Ontario Power Generation (OPG) says it’s too early yet to say how they will proceed to solicit the services of engineering companies to help them develop new nuclear power generation in the province.
In an effort to meet a projected demand of up to 3,000 MW of new electrical power, the Ontario government announced on June 13 that it wants Ontario Power Generation to do feasibility studies on refurbishing existing reactors at Pickering and Darlington. It is also directing OPG to begin environmental assessments for the construction of new nuclear reactors, which would be on an as yet undetermined existing site.
John Earl at OPG says they are waiting more details from the provincial government on the policy direction. He says the corporation carries some in-house expertise to carry out design work and studies, but typically they also need to hire outside consulting firms to help.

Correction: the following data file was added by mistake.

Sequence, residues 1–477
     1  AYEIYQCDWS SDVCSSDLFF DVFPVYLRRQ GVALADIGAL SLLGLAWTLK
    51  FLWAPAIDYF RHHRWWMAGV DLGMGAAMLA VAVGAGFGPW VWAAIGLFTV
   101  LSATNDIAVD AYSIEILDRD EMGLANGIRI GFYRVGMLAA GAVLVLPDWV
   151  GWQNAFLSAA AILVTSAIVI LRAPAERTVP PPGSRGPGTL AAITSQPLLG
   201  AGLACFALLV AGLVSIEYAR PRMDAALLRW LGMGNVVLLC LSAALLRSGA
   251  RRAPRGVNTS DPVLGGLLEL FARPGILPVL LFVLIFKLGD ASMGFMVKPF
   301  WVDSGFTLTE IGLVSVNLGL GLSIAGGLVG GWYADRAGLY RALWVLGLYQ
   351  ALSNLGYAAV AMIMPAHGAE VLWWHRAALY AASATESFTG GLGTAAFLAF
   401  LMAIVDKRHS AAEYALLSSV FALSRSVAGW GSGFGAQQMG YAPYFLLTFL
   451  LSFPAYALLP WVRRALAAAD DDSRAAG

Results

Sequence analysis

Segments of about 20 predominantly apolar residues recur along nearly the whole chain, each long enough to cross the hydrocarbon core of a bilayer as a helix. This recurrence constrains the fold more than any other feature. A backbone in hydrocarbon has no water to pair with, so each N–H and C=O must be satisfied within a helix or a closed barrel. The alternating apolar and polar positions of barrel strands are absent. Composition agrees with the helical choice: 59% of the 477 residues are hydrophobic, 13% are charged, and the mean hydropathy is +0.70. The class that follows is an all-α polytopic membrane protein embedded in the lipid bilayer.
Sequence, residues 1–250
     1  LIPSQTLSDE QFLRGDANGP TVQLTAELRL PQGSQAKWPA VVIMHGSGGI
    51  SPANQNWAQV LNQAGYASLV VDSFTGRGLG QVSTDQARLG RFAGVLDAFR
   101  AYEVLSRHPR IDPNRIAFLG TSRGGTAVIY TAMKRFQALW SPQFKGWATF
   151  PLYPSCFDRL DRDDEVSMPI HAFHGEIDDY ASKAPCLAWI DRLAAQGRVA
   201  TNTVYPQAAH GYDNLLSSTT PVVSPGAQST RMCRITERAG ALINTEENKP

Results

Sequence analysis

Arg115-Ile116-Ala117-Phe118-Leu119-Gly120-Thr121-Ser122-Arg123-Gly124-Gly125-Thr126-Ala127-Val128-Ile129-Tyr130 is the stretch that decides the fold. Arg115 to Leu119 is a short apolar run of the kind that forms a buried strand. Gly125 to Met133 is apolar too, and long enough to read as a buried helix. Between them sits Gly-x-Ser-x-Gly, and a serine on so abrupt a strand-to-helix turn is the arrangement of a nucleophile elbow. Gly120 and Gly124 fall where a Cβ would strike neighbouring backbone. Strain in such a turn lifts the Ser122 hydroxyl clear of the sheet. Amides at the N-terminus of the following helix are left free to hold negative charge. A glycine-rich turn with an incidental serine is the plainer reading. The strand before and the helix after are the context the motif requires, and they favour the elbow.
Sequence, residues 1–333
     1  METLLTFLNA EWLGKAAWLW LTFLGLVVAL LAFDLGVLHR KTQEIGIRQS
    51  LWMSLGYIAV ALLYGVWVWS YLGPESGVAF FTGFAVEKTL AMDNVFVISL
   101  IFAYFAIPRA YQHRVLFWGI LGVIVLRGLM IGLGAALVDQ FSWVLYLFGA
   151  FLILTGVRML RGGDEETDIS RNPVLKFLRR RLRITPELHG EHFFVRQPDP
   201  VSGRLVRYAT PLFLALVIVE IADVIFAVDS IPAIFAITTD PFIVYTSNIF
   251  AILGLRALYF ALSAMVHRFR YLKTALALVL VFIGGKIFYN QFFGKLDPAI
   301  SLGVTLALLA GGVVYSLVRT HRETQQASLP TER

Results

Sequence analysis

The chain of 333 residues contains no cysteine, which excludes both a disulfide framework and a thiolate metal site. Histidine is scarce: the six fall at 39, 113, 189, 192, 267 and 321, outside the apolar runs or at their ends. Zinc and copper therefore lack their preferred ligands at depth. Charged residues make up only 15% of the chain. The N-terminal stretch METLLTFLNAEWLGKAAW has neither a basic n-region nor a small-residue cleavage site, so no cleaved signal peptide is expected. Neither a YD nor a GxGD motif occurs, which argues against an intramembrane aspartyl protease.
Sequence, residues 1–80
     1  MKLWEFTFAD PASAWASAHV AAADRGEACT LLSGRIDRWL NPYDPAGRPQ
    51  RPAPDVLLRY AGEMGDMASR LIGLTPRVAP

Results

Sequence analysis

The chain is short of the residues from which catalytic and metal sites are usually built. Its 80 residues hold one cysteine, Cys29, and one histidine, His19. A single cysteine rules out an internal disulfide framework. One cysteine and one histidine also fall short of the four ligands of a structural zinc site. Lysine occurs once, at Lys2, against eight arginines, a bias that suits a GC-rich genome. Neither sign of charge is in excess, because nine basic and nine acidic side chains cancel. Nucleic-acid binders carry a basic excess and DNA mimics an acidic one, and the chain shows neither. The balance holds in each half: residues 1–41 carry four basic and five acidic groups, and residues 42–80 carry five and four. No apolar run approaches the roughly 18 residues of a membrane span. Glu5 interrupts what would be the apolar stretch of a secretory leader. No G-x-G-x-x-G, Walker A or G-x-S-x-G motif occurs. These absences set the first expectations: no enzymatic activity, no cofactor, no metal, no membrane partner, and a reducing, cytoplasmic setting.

The province is following a 20-year plan to augment its electricity supply, based on the advice of the Ontario Power Authority. Besides the nuclear power components, the plan is to double the amount of renewable energy in the province to a total of 15,700 MW by 2025. It also proposes doubling energy conservation efforts.
A report in the Globe and Mail said that the government would likely favour Atomic Energy of Canada (AECL) to build new nuclear reactors, but it would want the federal government to assume responsibility for any cost overruns.
The refurbishment of the Unit 4 nuclear reactor at Pickering A generating station had huge cost overruns and delays.
Currently, Ontario Power Generation has a total capacity of 22,173 megawatts. This consists of three operating nuclear stations with a capacity of 6,606 MW; five fossil-fueled stations with a capacity of 8,578 MW; 35 hydroelectric stations with a capacity of 6,855 MW; and 29 green power hydroelectric stations with a capacity of 127 MW, and three wind power stations with a capacity of 7 MW. In 2005, OPG generated 108.5 terawatt-hours (TWh) of electricity